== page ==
House Health Care Legislation Still Has End-of-Life, Assisted Suicide Problems

Bioethics   |   Steven Ertelt   |   Nov 13, 2009   |   9:00AM   |   WASHINGTON, DC

House Health Care Legislation Still Has End-of-Life, Assisted Suicide Problems

by Steven Ertelt Editor
November 13
, 2009

Washington, DC ( — Members of Congress may have added a measure to stop abortion funding in the House version of the government-run health care bill, but the legislation still presents troubles for pro-life advocates. As several pro-life groups noted after the vote, the Family Research Council says they remain.

When the House debated the health care bill, pro-life groups wanted a vote on the Stupak amendment to stop abortion funding but they also sought a vote on an amendments to remove the rationing and assisted suicide concerns.

Thanks to Speaker Nancy Pelosi and Democrats who led the House Rules Committee, they didn’t get them.

As a result, as FRC president Tony Perkins tells today, "H.R. 3962 promises to deliver the grim reaper to any patient signed up for the government health plan."

"Under Section 240 of the bill, insurance companies are required to provide information on ‘end-of-life planning’ to people who are looking to enroll in coverage offered by the health insurance exchange," he said.

"In the final bill, Pelosi decided to strip the broader protective language that was adopted in the Energy and Commerce Committee, which means that H.R. 3962 will mandate the distribution of end-of-life materials about assisted suicide options in Oregon and Washington," he explained.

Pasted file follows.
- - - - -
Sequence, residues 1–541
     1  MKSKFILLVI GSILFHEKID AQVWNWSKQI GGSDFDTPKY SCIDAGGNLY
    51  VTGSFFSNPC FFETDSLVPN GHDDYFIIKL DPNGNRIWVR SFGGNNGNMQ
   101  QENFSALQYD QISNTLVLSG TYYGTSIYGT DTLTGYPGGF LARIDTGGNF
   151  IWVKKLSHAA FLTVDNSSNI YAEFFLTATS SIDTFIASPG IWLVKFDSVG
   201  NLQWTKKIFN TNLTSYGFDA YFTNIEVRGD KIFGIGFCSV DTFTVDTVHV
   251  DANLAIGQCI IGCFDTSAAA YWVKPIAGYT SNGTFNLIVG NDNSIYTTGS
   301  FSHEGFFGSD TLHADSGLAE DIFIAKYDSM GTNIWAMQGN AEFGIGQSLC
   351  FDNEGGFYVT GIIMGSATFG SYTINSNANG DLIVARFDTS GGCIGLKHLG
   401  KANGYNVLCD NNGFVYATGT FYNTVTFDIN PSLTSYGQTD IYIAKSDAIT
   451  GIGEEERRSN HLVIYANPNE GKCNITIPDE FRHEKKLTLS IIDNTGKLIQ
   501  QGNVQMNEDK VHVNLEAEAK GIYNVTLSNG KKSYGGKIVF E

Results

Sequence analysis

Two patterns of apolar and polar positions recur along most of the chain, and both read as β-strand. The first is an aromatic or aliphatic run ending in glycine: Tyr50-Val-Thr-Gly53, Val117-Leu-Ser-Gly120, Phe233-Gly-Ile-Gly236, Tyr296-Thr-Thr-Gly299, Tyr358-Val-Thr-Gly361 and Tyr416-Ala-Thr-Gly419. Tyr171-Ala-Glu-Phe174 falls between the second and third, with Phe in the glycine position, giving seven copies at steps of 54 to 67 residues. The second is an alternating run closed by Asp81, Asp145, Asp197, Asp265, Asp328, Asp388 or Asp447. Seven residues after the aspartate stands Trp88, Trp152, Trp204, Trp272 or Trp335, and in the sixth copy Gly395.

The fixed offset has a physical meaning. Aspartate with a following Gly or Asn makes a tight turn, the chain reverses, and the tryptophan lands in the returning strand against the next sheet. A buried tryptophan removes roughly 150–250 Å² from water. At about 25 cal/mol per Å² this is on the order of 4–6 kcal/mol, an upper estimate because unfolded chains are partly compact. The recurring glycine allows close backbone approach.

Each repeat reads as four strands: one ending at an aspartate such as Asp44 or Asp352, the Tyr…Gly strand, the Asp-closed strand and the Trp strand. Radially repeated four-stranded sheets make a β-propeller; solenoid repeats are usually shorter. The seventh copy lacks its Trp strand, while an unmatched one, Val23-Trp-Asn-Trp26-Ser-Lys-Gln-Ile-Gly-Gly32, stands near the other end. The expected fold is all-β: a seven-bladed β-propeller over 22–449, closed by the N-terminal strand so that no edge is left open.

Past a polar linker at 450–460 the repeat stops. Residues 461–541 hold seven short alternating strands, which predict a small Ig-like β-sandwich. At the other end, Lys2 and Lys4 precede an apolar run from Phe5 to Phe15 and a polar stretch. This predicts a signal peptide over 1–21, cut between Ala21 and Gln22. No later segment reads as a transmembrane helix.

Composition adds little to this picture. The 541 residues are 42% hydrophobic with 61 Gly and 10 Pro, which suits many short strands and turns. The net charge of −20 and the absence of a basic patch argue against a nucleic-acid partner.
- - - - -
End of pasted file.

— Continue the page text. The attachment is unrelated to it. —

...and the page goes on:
Perkins also said he is worried about the provisions Rep. Earl Blumenauer added at the request of the pro-euthanasia organization Compassion and Choices.

He said the "advance care planning consultations" added as a new optional Medicare-covered benefit "would open the door for Medicare to pay for end-of-life consultations that include assisted suicide options in states where it is legal."

Both provisions include language that claims these sections don’t encourage the promotion of "suicide or assisted suicide."

"But in crafting their state laws, Oregon and Washington redefined the act of assisting in a suicide as ‘death with dignity,’ explicitly stating that such action is not legally considered assisted suicide-even though by medical definition that is exactly what it is," Perkins said.

And with other sections promoting rationing and comparative effectiveness, which leads to rationing of care, Perkins says the health care bill still deserves the opposition of seniors and the disabled.

"Think such rationing of care could never happen? It already has in Oregon, where patients were told their state provided insurance would not cover treatment but would gladly pick up the cost if they went the assisted suicide route. Just don’t call them death panels," he concluded.

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